Nemesio is a third-generation producer from beautiful Tarqui Huila – cool fact: they make (not very good) wine in Tarqui. He inherited a portion of his farm – called La Galaxia – from his father and has taken over the production of the farm since his late teens. His wife Fredy and him have raised all seven of their kids on the farm.
Due to labour shortages in Colombia, most of the workers of the farm are family members and during the peaks of the harvests, Nemesio can beef up the workforce with nearby seasonal workers.
His processing is meticulous. The picking is done many times per harvest, and they stick to purely ripe picking. He immediately floats the cherry in water to remove “floaters”. Floaters are low density cherries that result in very poor-quality coffee – trust me, you don’t want floaters in your morning (or afternoon) coffee.
He then rests the floated cherries in a dark cool spot for 12 hours – this kicks off a fermentation process that has shown to add more sweetness and fruity flavours to the cup. Once this is complete the coffee is de-pulped and fermented for another 24-30 hours before finally washing off the now-detached mucilage. The sun-drying process is slow, aided by the location of his farm (1900m elevation) and the shade installed to cover the drying structure and keep the temperature inside the drying structure agreeable with coffee (20-35C). All in all, the drying process takes 20-30 days. We’re very excited about Nemesio’s coffee, and look forward to continuing to work with him!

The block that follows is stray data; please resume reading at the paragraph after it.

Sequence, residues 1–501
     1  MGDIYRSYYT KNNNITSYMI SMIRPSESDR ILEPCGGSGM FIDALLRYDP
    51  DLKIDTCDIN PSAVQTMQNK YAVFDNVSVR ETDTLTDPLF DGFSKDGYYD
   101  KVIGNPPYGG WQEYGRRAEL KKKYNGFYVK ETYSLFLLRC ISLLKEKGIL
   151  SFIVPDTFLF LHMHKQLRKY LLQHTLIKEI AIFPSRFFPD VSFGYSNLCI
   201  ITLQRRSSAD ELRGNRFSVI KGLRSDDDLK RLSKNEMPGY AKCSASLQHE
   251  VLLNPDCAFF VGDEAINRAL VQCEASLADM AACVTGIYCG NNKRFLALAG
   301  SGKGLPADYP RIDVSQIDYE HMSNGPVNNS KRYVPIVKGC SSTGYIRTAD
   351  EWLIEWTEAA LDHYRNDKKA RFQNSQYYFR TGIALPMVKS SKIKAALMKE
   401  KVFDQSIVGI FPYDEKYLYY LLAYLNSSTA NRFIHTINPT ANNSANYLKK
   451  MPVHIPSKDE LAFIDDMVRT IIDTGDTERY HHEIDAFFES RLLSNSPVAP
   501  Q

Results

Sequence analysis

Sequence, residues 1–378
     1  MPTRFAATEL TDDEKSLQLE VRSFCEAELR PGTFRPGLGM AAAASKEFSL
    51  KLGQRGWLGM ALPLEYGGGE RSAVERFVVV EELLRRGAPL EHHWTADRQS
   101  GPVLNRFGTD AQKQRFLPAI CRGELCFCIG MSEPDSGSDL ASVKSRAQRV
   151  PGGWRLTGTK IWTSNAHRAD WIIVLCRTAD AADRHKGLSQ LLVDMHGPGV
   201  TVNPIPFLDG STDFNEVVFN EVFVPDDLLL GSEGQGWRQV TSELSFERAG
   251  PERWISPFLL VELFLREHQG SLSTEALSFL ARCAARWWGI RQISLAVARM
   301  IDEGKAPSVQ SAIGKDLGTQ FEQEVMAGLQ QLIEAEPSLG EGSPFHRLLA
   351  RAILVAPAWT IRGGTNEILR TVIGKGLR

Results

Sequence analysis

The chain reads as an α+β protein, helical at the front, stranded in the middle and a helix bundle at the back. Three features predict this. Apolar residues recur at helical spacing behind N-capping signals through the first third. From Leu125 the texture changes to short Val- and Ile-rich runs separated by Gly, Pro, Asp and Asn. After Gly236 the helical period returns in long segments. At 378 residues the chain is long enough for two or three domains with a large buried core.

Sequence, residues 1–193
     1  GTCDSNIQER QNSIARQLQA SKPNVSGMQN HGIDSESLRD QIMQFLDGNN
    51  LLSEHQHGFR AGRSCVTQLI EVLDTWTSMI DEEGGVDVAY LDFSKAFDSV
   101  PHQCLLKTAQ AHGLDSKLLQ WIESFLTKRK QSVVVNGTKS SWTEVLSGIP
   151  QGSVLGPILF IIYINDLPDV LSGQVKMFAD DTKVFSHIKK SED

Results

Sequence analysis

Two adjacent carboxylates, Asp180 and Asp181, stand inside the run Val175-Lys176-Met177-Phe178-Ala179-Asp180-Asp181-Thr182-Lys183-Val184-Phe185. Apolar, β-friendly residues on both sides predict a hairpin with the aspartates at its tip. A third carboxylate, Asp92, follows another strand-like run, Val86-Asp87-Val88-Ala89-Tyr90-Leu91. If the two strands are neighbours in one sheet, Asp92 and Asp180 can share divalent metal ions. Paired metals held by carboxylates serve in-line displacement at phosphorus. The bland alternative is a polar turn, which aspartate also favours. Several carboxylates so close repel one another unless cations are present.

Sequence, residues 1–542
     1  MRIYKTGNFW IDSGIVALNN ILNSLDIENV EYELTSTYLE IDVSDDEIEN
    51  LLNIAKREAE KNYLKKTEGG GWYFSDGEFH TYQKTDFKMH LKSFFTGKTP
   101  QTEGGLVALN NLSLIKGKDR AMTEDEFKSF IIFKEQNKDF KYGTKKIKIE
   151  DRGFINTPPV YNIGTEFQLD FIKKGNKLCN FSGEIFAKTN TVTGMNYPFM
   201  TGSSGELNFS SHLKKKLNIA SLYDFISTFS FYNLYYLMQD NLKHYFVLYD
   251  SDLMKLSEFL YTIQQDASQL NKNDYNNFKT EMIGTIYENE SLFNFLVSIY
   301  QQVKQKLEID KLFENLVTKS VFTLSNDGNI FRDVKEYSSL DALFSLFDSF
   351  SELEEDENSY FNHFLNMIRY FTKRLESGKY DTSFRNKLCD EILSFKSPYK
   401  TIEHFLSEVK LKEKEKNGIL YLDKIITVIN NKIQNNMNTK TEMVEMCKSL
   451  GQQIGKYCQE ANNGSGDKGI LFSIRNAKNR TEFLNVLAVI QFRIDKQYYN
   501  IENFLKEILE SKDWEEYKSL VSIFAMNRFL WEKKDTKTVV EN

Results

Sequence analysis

This green coffee was frozen immediately on arrival in Calgary, to preserve freshness.